"Selfish" drivers putting lives at risk at Chettisham crossing

"Selfish" drivers putting lives at risk at Chettisham crossing

It’s only a matter of time before there’s a serious smash at the Chettisham level crossing, comes the chilling warning from Network Rail.

Today the body responsible for managing railways issued a warning, blaming “selfish” drivers for endangering lives at the crossing on Lynn Road, Ely.

Cameras have caught motorists recklessly ignoring red lights, shooting across the crossing while the barriers are lowering.
The risk of a serious smash at the Lynn Road, Ely, crossing are “very high”, Network Rail says.
The road speed limit is 60mph while trains pass the crossing at 75mph, meaning the consequences of a collision would be disastrous.

So worried are Network Rail about an imminent crash that its Anglia level crossing manager, John Priest, issued a stark warning today.
“This is selfish behaviour which not only puts safety of the driver at risk but also risks the lives of others.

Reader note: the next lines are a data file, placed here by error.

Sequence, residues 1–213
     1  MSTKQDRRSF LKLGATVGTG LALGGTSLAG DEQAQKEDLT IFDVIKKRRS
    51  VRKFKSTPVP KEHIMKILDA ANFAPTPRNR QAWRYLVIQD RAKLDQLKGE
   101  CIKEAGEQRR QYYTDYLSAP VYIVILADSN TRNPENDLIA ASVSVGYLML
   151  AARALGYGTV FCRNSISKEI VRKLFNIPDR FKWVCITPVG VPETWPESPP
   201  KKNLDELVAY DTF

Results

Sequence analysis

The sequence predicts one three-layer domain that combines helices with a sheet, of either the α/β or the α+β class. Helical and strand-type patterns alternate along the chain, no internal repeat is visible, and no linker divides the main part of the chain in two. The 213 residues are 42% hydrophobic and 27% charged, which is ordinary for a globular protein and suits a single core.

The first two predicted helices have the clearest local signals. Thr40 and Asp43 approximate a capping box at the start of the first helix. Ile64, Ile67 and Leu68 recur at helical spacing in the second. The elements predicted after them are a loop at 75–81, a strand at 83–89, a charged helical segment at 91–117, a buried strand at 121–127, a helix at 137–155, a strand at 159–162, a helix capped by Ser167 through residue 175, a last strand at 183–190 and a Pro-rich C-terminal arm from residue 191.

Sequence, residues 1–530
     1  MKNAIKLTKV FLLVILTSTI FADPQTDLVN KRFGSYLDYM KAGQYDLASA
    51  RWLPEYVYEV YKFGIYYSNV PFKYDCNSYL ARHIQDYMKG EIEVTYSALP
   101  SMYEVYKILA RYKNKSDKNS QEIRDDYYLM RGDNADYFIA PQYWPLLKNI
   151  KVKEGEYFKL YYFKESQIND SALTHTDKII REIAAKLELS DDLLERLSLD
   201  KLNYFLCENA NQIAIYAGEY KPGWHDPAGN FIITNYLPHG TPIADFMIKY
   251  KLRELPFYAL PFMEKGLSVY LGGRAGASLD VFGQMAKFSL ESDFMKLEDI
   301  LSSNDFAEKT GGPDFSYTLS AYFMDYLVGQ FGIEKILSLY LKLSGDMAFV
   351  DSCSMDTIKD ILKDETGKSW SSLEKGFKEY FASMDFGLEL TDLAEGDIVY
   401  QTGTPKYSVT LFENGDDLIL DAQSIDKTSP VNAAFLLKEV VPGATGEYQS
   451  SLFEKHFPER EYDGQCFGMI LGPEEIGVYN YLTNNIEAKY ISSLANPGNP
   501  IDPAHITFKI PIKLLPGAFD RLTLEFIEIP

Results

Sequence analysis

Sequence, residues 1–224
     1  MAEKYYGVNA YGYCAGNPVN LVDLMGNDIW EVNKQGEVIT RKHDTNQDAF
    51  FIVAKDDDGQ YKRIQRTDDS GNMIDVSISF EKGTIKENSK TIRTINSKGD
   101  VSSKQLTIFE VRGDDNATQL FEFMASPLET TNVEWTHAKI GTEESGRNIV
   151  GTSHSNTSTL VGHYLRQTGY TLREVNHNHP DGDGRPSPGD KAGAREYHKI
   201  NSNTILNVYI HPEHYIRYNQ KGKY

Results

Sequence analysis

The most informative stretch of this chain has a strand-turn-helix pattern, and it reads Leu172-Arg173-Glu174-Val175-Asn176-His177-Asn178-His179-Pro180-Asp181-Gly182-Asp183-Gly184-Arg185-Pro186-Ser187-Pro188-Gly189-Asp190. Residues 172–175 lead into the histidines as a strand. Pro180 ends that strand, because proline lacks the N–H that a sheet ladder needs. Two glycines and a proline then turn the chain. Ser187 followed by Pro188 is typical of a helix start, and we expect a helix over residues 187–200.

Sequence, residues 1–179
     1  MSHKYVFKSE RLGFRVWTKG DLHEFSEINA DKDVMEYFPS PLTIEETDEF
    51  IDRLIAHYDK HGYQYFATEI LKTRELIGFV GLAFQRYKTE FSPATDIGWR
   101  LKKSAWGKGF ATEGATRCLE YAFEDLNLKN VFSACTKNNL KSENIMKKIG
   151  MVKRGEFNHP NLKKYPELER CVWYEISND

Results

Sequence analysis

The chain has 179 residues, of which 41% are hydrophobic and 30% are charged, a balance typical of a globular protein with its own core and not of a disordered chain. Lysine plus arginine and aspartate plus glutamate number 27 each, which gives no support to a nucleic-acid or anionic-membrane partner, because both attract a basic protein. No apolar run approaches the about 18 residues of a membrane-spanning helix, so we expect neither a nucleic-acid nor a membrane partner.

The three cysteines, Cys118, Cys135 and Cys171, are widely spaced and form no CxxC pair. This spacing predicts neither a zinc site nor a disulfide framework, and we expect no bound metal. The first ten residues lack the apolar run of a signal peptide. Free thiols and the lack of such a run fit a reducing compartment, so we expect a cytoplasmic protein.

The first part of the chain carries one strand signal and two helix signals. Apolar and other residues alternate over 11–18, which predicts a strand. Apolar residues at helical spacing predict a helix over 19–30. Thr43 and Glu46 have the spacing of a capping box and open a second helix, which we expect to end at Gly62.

“Level crossing barriers, warning lights and signals are there to help road users, pedestrians and railway users stay safe. Misusing crossings in this way, in order to save just a couple of minutes, can result in serious injury or death.”
British Transport Police (BTP) Inspector Stephen Webster said impatient motorists weren’t only playing Russian roulette with their lives but also risking the lives of rail passengers.
“I can’t stress enough, don’t run the risk. Always stop for a red light, those couple of minutes that you have to wait could save your life.”
On the Anglia route BTP are using CCTV, fixed cameras and mobile safety vehicles to monitor crossings as well as a special route crime tasking team.
“This has led to a high number of prosecutions in the last year resulting in motorists losing their licences and even going to jail.”
The Chettisham crossing has full barriers, warning lights and alarms to warn traffic that a train is approaching.
Drivers should understand the warnings and always stop if they activate unless it’s unsafe to do so.
By law they have to remain stationary until all the warnings clear, checking it’s safe to exit before driving across.
More information about staying safe at level crossings is available at www.networkrail.co.uk/levelcrossings

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